Hard to see here, but a quick rub down with a wood oil (the ol’ Triton oil in this case) really picked out the details.  I didn’t actually need to oil it yet, other than my own curiosity – the board will head over to the tablesaw to cut it to size for the next project, and get whatever finish is applied to that, but I just wanted to really see how the details responded, especially the spalting, to a bit of oil.

Now That’s a Knife

It’s only been 4 months since I got this set of steak knives from Professional Woodworker Supplies.  That is a pretty quick turnaround time for me these days!  Everything hasn’t gone to plan though, as I will elaborate, but I got close to achieving a good result.  I don’t like accepting a compromise – it may be that others wouldn’t notice anything wrong, but I would every time I use one of these.  However, I’m getting ahead of myself.

Knife blanks

These four knives are begging for some stunning handles (the timber on either side are known as “scales”), and so the timber of choice is African Rosewood.  I recently bought a couple of lengths during the recent April WoodFest with the vague idea of making a box, but it jumped out at me when I was looking for what to make the knives from.  The timber is around 19mm thick, so a bit over double the thickness required for each side of the knife.  So resawing was the order of the day.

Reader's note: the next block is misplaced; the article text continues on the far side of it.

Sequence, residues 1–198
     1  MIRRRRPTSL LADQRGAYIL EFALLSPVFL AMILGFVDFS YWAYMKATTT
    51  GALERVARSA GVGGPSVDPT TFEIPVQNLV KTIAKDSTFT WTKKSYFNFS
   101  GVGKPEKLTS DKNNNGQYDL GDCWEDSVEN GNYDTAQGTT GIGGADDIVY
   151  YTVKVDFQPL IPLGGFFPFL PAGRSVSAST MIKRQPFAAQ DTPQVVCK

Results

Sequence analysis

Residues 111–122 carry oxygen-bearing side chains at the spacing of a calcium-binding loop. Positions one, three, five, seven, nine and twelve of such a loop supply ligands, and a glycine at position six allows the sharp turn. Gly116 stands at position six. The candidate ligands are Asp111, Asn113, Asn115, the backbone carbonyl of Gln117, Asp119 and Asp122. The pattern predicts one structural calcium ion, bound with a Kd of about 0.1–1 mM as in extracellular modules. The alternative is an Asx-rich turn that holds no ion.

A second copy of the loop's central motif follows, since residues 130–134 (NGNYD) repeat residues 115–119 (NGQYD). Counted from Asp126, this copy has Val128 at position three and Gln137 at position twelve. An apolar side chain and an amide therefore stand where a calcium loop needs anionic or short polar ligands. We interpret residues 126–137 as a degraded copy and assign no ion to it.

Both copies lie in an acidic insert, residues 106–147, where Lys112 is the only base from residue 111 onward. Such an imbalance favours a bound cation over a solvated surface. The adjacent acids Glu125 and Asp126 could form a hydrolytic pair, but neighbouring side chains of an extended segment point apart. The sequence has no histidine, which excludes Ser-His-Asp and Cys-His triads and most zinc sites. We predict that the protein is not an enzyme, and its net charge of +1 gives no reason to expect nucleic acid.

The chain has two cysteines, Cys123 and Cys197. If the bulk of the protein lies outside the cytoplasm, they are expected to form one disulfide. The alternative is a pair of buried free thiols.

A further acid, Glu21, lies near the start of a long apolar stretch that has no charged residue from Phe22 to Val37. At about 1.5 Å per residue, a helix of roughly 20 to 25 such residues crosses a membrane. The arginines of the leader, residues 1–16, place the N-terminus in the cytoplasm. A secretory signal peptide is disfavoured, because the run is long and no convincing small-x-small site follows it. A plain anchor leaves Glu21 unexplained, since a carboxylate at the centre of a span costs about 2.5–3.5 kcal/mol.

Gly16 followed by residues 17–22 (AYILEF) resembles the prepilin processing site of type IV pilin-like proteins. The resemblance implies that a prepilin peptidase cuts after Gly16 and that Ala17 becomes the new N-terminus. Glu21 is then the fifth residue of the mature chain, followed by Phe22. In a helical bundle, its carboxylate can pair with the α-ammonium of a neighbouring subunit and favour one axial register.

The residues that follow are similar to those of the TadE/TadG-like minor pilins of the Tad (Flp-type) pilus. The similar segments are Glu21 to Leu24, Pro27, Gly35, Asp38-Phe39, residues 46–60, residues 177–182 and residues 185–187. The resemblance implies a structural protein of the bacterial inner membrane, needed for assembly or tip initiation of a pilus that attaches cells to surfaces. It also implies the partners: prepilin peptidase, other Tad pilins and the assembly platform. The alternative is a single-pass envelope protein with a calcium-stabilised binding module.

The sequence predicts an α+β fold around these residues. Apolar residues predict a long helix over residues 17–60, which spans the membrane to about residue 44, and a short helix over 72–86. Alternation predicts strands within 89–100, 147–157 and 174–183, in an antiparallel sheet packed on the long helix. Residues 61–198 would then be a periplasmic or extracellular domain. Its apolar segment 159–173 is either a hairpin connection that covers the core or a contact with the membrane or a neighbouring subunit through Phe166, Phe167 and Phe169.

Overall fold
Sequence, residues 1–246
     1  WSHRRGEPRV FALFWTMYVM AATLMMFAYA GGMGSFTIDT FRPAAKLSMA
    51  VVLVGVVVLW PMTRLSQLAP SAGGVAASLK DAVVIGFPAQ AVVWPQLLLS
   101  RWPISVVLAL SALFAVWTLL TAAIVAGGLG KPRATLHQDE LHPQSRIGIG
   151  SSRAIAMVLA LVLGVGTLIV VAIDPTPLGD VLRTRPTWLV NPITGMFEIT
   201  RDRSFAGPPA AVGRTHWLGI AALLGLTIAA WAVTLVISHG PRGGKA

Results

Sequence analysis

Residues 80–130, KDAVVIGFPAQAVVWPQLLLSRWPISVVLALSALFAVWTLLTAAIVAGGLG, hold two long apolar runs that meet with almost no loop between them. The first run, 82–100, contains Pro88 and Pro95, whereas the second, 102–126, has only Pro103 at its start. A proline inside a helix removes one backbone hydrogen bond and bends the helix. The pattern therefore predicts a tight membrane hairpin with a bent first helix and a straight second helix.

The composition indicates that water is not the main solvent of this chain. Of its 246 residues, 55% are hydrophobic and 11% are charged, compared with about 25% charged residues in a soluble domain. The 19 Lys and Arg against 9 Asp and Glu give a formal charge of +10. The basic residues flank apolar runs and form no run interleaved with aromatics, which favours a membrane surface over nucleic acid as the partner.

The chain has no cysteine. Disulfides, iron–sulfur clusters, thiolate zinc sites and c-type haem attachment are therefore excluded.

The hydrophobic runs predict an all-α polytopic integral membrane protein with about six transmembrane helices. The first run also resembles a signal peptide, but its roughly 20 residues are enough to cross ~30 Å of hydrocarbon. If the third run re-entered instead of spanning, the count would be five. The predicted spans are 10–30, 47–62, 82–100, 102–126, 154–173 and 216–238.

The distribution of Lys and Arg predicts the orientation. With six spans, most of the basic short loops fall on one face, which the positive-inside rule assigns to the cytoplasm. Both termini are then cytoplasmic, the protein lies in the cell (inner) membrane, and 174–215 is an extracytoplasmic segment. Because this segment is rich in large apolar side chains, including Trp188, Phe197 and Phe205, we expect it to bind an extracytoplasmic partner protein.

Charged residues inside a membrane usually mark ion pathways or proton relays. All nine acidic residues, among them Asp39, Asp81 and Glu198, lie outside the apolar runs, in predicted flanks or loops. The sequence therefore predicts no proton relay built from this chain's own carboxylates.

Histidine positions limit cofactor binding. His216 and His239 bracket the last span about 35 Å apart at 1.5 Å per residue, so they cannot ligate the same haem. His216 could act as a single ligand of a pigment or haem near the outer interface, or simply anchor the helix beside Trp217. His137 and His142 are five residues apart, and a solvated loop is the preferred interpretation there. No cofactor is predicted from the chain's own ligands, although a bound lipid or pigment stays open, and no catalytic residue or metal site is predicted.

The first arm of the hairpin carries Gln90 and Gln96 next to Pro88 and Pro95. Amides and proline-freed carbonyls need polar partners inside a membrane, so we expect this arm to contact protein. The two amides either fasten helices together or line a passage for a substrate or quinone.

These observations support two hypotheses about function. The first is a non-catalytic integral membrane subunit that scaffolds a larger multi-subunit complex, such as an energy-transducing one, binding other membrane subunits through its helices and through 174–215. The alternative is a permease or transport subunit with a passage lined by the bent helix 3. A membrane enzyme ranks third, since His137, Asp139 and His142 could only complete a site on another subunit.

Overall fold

Resawing the African Rosewood

I changed the blade down to a 5/8″ blade on the Carbatec bandsaw, then racked up the tension.  With the MagSwitch fence in place (single roller), the blade sliced the timber cleanly in two.  I am so loving having the bandsaw tensioning handle below the upper wheel.  The benefits of a larger bandsaw.

Single Roller MagFence making the job easy

Can’t beat those MagFences either for resawing. Love how easy, and accurate it makes the task.

Passes through the Drum Sander for accurate dimensioning

From the bandsaw, the next step is to run it through the drum sander.  This may not be everyone’s first choice – for one you have to have a drum sander to be able to use it.  I’ve become a big fan, especially for situations like this.  These are pieces of timber way too short to ever consider running through a thicknesser, so you’d have to resort to a ROS, hand plane or similar.  Me, I like the electron-murdering whirling abrasive wheel! With careful passes, I was able to get the board down to within 0.1mm of the required thickness.

Jig to accurately cut the handles

Next job was to shape the scales.  The only important side initially is the edge that butts up against the bolster.  To save on timber (a big mistake – not how I chose to do it, but any attempt to scrimp on timber inevitably leads to undesirable results, and more timber wastage. I know this, and still find myself doing it), I cut the timber close to dimension, and drilled holes using an MDF template I made of the scale from the knife tang. I used a couple of lengths of brass rod to replicate the rivets to position each scale to be cut precisely.

Thinning down the pins

For the two pins, I needed them a little thinner than the rivets would be, so I could get the scales off the jig.  To take off a small, controlled amount, mounting the pin in the drill, then running it on the sandpaper provided a precise size decrease.

Ready to cut the handle end

In hindsight, doing it this way was a mistake. Drilling the holes for the rivets needed to be done after the first scale was glued to the tang.

Knife handles roughed out